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BENGHAZI REPORT: Security Overlooked

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(CNN) — An independent panel has found the State Department has not overall paid enough attention to oversees security for diplomatic posts and called for it to be elevated in importance, several sources familiar with the matter said.

Led by former Secret Service Director Mark Sullivan, the panel was created as part of a broad inquiry of last September’s deadly terror attack on the U.S. diplomatic compound in Benghazi, Libya.

A separate assessment by the Accountability Review Board, established after the Benghazi attack, criticized the department for failing to provide adequate security and made 29 recommendations.

One was the creation of the latest analysis to identify “best practices” in the public and private sectors in security intelligence, risk management and accountability, all areas where problems were identified at the State Department.

The new 31-page report, described to CNN by several sources familiar with the contents, found the diplomatic security bureau to be lost in State Department bureaucracy as one of eleven functions overseen by an undersecretary for management, currently Patrick F. Kennedy.

The findings do no not specifically address the State Department’s handling of the attacks, but point to Kennedy’s office for not paying enough attention to the diplomatic security bureau.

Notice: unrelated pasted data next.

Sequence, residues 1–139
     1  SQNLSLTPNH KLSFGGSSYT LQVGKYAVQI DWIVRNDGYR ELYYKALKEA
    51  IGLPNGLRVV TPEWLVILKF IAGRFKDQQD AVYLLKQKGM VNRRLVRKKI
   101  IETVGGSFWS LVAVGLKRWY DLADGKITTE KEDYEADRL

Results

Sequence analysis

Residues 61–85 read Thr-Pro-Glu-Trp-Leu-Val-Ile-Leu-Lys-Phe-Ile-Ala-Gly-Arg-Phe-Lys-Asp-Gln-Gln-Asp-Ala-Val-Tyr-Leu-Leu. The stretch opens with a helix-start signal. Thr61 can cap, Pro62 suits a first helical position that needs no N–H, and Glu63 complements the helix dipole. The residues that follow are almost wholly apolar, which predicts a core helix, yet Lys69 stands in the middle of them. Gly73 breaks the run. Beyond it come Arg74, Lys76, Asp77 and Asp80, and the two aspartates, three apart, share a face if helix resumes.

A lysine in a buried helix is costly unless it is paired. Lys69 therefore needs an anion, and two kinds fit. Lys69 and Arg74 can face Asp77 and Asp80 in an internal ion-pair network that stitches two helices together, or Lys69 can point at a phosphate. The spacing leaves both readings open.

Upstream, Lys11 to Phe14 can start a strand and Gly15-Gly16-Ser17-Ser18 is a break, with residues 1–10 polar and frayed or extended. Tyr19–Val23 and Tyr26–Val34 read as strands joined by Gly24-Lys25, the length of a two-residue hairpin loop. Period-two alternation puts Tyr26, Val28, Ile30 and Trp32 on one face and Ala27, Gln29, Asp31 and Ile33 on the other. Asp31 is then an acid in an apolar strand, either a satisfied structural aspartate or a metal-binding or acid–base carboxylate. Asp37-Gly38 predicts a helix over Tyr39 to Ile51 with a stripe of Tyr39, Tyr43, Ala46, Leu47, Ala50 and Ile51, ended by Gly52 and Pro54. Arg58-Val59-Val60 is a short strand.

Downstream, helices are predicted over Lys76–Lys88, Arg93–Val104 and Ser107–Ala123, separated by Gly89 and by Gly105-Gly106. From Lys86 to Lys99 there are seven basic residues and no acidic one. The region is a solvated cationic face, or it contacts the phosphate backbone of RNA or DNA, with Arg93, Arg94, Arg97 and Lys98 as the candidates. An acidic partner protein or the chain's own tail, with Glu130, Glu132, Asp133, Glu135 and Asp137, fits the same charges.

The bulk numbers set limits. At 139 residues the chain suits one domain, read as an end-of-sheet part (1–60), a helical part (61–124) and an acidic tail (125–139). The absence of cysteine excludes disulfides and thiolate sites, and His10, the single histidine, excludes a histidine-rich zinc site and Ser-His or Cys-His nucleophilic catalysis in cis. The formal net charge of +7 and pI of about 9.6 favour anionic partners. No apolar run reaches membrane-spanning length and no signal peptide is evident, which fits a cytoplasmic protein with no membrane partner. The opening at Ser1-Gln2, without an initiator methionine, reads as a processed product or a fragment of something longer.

It recommends creating new senior-level oversight “as a matter of urgency” to give security matters more of a priority at the top levels of the State Department.

“The threats Foreign Service personnel face requires the department’s security function not to be relegated to the same status as other important but distinctly different, support functions,” the report said.

“The department’s present direction of expeditionary diplomacy, operating with an increasing number of temporary and permanent posts in complex, high-risk environments, requires an organizational paradigm change,” it said.

Alec Gerlach, a State Department spokesman, declined to comment on the findings because they had not been formally released.

In the run up to the one-year anniversary of the Benghazi attacks on September 11, the State Department temporarily closed 19 and embassies and consulates across the Middle East and North Africa last month over a terrorist threat.

The Bureau of Diplomatic Security was established by Congress in 1986 as part of legislation to increase security at diplomatic facilities after the bombing of the U.S. embassy and Marine barracks in Beirut three years earlier. The bureau’s 2,000 special agents and other staff protect roughly 150,000 employees and family members.

Three of the four employees removed from their posts and placed on administrative leave last December after the review board’s report on Benghazi were from the diplomatic security bureau. Secretary of State John Kerry last month reinstated the officials to new jobs, which State Department officials said carry less responsibility.

Last year, the State Department created a new position of deputy assistant secretary of state for high threat posts and has begun to beef up security at those facilities.

But the panel’s report found steps so far — including efforts to improve training, increase personnel, and outfit installations with new security technology — to be inadequate without establishing clear lines of authority and responsibility for diplomatic security.

A new undersecretary, the report said, would be responsible for “conducting threat and vulnerability assessments to identify risk” and recommending safeguards.